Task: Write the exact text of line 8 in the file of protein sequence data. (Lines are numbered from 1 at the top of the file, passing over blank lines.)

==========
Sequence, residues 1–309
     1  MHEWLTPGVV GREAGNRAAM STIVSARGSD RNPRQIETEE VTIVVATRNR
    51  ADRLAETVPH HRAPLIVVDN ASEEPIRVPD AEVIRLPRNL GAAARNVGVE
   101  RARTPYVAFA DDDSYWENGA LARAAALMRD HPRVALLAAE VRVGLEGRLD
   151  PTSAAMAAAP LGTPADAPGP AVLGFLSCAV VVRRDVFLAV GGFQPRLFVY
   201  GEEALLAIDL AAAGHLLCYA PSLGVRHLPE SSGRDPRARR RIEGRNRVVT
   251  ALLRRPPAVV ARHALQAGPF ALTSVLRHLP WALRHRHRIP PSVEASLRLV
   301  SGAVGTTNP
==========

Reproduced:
   301  SGAVGTTNP